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Planning and Preparation

January - September, 1966

Kluver Tudor Engineer at Berkeley School.jpg

David Tudor, Fred Waldhauer and Billy Klüver try out Waldhauer's Proportional Control System, at Berkeley School rehearsals.. Photo: Franny Breer

On January 14, 1966, the group of artists and engineers had their first meeting at Rauschenberg’s loft. Klüver told the artists to ask for anything they wanted, and the engineers responded with suggestions on how to accomplish their ideas. These meetings lasted through March, and they collected more than seventy artists' requests. Not all of these were realized. Lucinda Childs wanted to translate her body movement into some other form of audible or visible energy. A 70 kHz Doppler sonar was successfully built, and Lucinda did have a Ground Effects Machine that moved on a cushion of air. Deborah Hay wanted to be able to stretch fabric so it became many times larger. This turned out to be impossible to do, but she did get remote-controlled moving carts. Engineer Harold Hodges found an ingenious solution for Öyvind Fahlström's request for "snowfall that falls upward.” Whitman's questions about television led to television projection being used on stage for the first time.


During the spring and summer  individual engineers, worked in one-to-one collaboration with individual artists, depending on the artist’s project and engineer’s field of expertise. Other engineers worked on equipment and systems that could be used by all the artists.


As meetings between the artists and engineers progressed, the need for a flexible, wireless, networked control system for the various theatrical elements became apparent. The engineers then began to design and development what was called the Theatre Electronic Environmental Modular (TEEM) system for wireless remote control of lights, sound, video, and other effects. It was comprised of nearly three hundred components and was used in some manner in each artist’s piece. Lights and sound and other elements of the performances could be pre-programmed and activated remotely. Klüver described TEEM as the first electronic system built for onstage use and  a step toward the possibility when the computer could be part of an actual performance.  The TEEM began to take shape early in 1966 and was demonstrated to the artists when all the equipment  was first brought together on September 10, in the gymnasium of  Berkeley School near Bell Laboratories in New Jersey that the group rented for several weekends. The artists could see demonstrations of the TEEM control system, and get an idea of what it could do; and the engineers could see the results of their own work take form. Artists were able to see and work with technical equipment that had been designed and built for their specific performances: the remote controlled carts for Deborah Hay, Rauschenberg’s tennis racquets that produced sound when hit by the ball, the Ground Effects Machine for Lucinda Childs,  Fahlström’s flying mylar missile. The two following two  weekends,  the artists and engineers continued working together trying out the equipment at the gym.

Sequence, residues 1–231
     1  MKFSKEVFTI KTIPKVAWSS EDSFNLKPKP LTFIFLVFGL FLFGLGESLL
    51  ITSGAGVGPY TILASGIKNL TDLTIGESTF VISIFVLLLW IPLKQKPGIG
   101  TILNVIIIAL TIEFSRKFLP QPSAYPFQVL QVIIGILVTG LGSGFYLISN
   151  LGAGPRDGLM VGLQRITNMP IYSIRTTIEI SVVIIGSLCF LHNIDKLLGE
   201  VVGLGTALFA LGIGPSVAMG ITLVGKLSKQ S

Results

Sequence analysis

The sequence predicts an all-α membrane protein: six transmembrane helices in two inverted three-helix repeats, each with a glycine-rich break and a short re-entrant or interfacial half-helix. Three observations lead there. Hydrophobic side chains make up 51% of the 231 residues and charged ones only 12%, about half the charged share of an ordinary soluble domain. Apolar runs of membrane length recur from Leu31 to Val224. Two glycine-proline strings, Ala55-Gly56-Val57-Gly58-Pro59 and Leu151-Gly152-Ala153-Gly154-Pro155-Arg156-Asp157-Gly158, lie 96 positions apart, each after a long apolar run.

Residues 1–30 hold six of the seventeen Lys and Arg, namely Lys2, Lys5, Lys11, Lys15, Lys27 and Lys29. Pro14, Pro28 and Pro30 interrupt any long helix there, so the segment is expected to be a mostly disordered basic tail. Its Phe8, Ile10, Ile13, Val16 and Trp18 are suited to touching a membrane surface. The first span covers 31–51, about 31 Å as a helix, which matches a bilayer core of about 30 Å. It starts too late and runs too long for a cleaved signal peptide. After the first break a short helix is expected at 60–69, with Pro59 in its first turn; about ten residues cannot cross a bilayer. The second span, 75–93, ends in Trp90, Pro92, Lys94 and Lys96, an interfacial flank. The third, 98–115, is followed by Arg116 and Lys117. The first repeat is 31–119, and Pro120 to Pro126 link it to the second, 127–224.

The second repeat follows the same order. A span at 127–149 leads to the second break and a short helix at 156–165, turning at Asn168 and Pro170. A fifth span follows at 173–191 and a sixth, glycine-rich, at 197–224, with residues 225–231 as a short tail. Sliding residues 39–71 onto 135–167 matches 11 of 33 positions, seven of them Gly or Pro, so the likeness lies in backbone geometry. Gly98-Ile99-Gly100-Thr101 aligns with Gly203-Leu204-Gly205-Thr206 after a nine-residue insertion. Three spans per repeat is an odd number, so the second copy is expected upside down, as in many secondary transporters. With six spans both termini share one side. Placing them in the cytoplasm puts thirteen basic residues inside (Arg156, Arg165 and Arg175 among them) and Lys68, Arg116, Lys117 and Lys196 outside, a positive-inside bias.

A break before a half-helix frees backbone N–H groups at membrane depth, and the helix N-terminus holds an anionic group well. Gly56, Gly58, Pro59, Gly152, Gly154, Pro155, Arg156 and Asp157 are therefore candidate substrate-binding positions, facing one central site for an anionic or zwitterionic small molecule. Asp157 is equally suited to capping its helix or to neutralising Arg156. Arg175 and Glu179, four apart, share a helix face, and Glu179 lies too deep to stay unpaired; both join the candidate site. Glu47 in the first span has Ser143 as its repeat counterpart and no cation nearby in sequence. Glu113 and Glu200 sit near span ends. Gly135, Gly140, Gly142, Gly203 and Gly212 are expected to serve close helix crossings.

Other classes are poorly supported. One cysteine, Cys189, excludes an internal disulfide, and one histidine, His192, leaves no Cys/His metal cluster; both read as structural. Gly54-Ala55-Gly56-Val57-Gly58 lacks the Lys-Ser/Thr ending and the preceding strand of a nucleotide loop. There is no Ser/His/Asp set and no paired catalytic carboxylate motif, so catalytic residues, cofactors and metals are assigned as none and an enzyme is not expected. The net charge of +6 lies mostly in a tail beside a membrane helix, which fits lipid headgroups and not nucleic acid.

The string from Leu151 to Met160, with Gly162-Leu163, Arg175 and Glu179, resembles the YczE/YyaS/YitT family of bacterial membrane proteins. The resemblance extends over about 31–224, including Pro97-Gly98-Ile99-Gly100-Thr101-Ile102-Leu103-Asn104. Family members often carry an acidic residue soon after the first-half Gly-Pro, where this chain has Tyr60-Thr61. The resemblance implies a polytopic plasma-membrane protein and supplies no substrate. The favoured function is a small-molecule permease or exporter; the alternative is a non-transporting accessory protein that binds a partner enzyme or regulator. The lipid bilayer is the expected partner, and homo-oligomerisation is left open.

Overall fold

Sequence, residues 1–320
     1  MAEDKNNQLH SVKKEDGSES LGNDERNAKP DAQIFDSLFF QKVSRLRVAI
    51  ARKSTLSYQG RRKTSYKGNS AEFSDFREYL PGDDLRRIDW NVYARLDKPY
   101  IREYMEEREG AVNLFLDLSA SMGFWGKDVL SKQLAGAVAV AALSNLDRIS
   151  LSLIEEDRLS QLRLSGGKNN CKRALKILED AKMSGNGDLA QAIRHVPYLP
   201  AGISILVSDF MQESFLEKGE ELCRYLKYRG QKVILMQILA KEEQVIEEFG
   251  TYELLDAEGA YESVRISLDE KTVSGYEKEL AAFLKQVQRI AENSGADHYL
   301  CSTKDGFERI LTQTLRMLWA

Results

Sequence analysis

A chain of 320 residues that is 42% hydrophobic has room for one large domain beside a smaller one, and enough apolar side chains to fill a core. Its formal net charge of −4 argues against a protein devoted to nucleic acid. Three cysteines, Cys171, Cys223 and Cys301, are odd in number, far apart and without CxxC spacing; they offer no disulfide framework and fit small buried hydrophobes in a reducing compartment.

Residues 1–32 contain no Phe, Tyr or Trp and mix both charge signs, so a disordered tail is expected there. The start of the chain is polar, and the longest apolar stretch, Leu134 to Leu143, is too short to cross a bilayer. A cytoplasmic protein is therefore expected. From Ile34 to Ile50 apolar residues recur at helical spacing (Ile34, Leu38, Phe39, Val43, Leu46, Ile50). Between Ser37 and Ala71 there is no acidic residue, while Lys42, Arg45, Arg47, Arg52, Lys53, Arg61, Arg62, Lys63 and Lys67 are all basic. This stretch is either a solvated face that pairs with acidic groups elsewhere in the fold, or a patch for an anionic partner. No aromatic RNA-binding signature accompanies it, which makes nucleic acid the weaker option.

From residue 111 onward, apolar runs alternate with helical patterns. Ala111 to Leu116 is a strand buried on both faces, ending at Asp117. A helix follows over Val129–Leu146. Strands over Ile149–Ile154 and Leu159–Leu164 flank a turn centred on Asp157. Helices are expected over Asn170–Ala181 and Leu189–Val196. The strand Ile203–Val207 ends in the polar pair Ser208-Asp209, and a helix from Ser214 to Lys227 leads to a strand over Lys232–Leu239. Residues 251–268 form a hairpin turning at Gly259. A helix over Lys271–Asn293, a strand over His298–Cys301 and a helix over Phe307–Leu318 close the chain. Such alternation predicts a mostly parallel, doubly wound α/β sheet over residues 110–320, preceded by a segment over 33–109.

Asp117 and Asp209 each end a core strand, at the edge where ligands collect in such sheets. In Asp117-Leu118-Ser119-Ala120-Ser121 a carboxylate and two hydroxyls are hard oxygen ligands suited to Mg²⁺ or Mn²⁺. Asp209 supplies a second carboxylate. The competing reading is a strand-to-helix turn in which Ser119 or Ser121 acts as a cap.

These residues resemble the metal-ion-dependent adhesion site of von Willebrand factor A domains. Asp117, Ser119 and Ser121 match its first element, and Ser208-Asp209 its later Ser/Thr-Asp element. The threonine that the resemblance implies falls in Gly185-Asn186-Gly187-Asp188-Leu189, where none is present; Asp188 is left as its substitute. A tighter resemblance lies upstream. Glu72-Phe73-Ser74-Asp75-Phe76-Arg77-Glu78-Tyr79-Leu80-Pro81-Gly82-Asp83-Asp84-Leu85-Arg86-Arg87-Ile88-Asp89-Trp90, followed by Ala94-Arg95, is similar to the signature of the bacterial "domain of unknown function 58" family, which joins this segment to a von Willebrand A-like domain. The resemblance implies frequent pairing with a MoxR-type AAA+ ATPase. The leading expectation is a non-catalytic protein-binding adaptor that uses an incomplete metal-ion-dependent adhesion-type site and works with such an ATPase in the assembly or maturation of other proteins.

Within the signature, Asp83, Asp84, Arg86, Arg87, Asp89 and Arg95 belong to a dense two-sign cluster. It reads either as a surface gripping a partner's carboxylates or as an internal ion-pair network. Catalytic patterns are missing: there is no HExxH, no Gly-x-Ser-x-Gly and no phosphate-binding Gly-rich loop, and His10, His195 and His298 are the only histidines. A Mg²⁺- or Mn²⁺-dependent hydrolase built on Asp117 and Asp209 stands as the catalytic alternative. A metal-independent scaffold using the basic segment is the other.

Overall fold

Herb Schneider took on the task of organizing an overall system of bringing together the technical and artistic aspects of each work by setting up set up a control center where the wireless control network could be centralized. Schneider held long conversations with each artist about their plans and use of elements of the TEEM system and translated these ideas into systems diagrams for each artists piece, showing the connections between the control console the equipment on stage. 


The group moved into the 69th Regiment Armory on October 8th 1966, with only five days to set up before the first performance. During this time, they installed the electrical system for the stage lights and other equipment, laid miles of cable, installed the sound system with 12 speakers in the balcony surrounding the central space, and set up the bleachers for the audience. The professional rigger, Jay Bell, began to hang or rig the projection screens, swings, and other props from the ceiling. He was phenomenal, climbing up the barrel-shaped ceiling in between the beams and dropped lines down wherever needed. He climbed around the ceiling as if he were a fly. He rigged an electric hoist that came down from the middle of the ceiling, which was used by Fahlström and Whitman.


Paradoxically the switching system that was used to connect off stage elements like light sources, speakers and so on, required an enormous amount of wiring. This wiring had to be done on the spot in the Armory and the time was short. So everyone  -- artists and engineers –volunteered to solder the standard mini-plugs to both ends of the wires. It was not an easy job, but the volunteers took their task very seriously and spent long hours at the wiring tables.


The artists held rehearsals as best they could. During the rehearsal time, the Armory was still used for drills by the soldiers, marching in formation among the artists and engineers.


The first two performances were held October 13, 1966.

Artist-Engineer Meetings

Participating Artists and Engineers

Berkeley School Technical Rehearsals

Armory installation

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